President Clinton's signing of balanced-budget legislation last week was accompanied by the usual blizzard of faxes and press releases from lobbying groups claiming victory on certain provisions of the new law.
But the American Hospital Association's brag letter has ruffled some feathers among the groups that made expanding children's healthcare coverage their chief mission.
The letter signed by AHA President Richard Davidson said the group "fought for, and won, $24 billion" over five years to fund the purchase of health insurance for children. It gave no credit to any other group.
"I don't think the AHA helped fight for or win anything," grumbled a representative from one of the groups leading the children's healthcare charge, who asked not to be identified. Another noted the AHA's absence from events, letters and strategy sessions advocating a children's health agenda.
Thomas Nickels, the AHA's vice president and deputy director of federal relations, says the group didn't see any reason to lobby hard for the children's health issue once at least $16 billion had been pledged to funding expanded coverage.
But after the Senate approved a budget package that raised the figure to $24 billion, the AHA did weigh in to make sure the full amount was included in the final bill, he says. "Once it was $24 billion, then it was a real issue," Nickels says.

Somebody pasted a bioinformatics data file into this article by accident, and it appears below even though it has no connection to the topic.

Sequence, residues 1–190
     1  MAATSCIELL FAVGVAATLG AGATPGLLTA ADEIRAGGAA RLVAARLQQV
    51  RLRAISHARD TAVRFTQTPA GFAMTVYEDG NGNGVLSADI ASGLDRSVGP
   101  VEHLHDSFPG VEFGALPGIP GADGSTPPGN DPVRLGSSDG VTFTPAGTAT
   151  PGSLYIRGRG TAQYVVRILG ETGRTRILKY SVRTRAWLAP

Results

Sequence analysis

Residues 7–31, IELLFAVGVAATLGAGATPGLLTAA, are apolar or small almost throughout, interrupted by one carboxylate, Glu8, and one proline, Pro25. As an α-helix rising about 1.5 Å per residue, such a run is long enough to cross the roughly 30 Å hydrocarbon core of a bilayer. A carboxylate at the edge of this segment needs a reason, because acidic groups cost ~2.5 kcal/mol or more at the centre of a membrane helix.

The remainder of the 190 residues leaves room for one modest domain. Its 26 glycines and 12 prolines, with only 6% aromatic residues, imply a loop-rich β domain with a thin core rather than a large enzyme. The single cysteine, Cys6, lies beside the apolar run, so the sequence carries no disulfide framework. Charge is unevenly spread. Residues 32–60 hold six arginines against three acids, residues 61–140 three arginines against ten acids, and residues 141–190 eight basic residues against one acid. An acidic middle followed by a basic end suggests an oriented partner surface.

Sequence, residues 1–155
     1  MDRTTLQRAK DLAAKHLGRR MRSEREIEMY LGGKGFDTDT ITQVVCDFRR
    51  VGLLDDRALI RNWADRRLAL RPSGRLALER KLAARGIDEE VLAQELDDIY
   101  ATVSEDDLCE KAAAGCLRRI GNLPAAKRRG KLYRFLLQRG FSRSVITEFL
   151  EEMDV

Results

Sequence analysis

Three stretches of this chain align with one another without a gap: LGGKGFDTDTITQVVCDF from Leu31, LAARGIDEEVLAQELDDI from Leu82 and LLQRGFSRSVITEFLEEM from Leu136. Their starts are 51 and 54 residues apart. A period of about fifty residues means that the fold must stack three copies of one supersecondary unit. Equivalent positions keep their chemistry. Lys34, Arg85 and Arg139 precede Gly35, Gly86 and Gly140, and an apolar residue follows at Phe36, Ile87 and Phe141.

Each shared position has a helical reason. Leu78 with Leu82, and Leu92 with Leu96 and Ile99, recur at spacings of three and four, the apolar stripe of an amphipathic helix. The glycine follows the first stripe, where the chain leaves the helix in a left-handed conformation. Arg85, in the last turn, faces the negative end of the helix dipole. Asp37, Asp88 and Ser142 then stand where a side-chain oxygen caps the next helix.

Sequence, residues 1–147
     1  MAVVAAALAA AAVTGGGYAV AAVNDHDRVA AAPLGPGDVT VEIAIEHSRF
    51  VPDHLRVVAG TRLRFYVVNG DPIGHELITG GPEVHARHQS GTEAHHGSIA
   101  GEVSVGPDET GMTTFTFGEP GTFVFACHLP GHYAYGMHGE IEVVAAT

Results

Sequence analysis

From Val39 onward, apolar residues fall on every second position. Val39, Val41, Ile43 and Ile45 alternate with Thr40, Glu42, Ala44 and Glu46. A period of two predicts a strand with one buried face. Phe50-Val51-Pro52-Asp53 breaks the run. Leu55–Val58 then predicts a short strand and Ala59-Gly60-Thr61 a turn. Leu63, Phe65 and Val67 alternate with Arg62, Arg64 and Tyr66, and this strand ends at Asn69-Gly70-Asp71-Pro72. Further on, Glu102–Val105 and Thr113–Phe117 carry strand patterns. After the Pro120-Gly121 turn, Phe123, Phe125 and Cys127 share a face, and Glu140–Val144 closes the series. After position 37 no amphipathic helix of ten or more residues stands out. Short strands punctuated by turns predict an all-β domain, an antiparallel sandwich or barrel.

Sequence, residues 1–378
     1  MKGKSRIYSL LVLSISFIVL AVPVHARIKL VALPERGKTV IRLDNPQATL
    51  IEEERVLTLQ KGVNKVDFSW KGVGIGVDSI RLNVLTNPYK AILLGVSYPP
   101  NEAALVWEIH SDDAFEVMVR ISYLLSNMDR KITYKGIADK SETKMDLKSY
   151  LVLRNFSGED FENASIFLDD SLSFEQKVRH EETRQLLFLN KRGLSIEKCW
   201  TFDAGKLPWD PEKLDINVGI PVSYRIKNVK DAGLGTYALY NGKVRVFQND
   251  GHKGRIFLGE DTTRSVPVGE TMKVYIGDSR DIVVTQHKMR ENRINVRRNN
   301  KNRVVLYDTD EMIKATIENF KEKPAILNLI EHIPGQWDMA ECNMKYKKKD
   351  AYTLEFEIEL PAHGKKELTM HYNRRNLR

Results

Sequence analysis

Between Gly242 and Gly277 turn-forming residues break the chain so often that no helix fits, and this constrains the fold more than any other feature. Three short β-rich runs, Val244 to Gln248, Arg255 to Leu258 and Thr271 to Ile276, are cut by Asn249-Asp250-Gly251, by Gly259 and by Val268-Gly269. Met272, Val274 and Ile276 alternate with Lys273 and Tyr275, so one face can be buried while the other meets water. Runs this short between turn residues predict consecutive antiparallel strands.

So how many kids will it cover?Speaking of dubious claims, exactly how many uninsured children will receive healthcare coverage under the new budget?
If you ask President Clinton, the number is "up to 5 million."
Ask the House Commerce Committee and it's less than half that-about 2.2 million-and its estimate is based on previous projections by the Congressional Budget Office.
In truth, the CBO-often the arbiter of statistical disputes in Washington-has not prepared a final estimate of how many children would be covered.
A preliminary CBO estimate said the budget provisions will extend coverage to about 2.1 million children who were previously uninsured and absorb another 1.4 million who previously had private coverage.
No matter what, the budget is likely to cover more than Clinton's original plan, which the CBO estimated would cost $21.9 billion over five years and cover only 800,000 children.
From the Department of Words Better Left Unsaid.Don't believe everything you read in the paper, advised Columbia/HCA Healthcare Corp. executive Jerry Fulks last month. Specifically, he took umbrage at the portrait of his company in certain articles in the Wall Street Journal.
"I have never witnessed the kind of behavior or pressure for profits that one employee alleges to have received during his brief career with Columbia," he wrote in a letter to the editor published July 3 in the Journal. "If he committed `felonies every day,' as he admitted to doing, they were his own responsibility, certainly not that of his employer."